Isaac Hayes easily ranks in the Top 10 when it comes to history's all-time soul artists. The late but eternal Black Moses would've turned 73 years old today (Aug. 20).

Before he became the Chef on South Park, Hayes was known as one of the most powerful voices of soul, mixing force and passion with unquestionable earnestness. There's a reason nobody pressed him for referring to himself as Black Moses. Hayes rose from working at a meatpacking plant to becoming one of history's greatest aphrodisiacs.

His sophomore album, Hot Buttered Soul, released in 1969, displayed Hayes' earth-rupturing abilities in full force. It was one of soul's most grandiose albums, a collection of 10-minute songs that rarely lost its sanguine thrill. Black Moses, the 90-minute epic that came two years later, was also a landmark record.

Of course, there's no Hayes career synopsis without mentioning Shaft. The landmark blaxploitation flick was buoyed by Hayes' soundtrack, which featured the instantly recognizable and parody-worthy theme song. The "Theme From Shaft" song topped the Billboard charts just a month after its release. In 2000, Hayes re-recorded the theme for the new version of the film.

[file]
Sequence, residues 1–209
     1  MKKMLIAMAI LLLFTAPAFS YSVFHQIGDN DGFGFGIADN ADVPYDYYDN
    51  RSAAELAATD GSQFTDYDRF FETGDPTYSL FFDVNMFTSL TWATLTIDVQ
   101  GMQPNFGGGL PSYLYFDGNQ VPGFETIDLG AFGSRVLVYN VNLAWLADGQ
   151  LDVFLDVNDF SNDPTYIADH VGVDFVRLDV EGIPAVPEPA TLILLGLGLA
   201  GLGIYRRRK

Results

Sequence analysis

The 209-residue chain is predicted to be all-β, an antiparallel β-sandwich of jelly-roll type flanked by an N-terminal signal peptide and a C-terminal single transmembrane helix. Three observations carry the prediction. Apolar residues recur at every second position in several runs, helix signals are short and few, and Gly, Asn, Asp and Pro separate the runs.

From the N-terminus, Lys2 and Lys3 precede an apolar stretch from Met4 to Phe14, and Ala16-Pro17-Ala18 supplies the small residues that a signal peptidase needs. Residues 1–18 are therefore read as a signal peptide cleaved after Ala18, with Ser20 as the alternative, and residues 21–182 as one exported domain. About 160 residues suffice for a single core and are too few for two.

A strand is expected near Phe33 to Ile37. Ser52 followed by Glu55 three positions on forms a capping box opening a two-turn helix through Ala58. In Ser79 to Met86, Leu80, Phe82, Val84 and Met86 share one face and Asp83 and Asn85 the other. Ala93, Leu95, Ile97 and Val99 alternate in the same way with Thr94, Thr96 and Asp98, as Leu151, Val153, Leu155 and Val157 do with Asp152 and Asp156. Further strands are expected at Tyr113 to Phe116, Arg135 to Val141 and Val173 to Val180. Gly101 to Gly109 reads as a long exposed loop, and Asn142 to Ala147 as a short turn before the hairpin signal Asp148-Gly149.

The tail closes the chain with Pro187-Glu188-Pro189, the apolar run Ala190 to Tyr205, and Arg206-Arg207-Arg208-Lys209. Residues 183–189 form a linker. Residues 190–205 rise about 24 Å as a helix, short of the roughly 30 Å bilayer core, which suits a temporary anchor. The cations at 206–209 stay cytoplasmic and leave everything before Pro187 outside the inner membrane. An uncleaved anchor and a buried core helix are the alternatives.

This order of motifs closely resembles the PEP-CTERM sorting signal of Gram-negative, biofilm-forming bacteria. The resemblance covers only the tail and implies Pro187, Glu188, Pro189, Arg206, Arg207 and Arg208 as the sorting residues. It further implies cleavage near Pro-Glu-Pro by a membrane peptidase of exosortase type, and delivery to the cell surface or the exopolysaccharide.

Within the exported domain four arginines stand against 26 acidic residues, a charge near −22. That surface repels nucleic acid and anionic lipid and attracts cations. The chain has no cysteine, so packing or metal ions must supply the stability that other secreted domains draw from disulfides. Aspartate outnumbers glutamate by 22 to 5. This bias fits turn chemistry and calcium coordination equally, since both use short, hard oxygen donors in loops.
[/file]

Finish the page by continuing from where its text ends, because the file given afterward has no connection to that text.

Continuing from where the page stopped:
Hayes continued releasing music throughout the '90s, and penned another pop culture hallmark when he wrote "Soul Man," a Sam & Dave hit that got revived when the Blues Brothers, the Saturday Night Live duo of Dan Aykroyd and John Belushi, performed it.

Then came his role as the Chef on South Park, and of course, one of the character's greatest comedic moments came from the musical bit "Chocolate Salty Balls (P.S. I Love You)," a juvenile but memorable sexual entendre.

The lauded singer performed until he passed away from stroke-related complications in 2008. His legacy is monolithic -- not just because of his talent, but because of how he's still the prototypical figure of righteous black masculinity.

Watch Isaac Hayes' "Don't Let Go" Video

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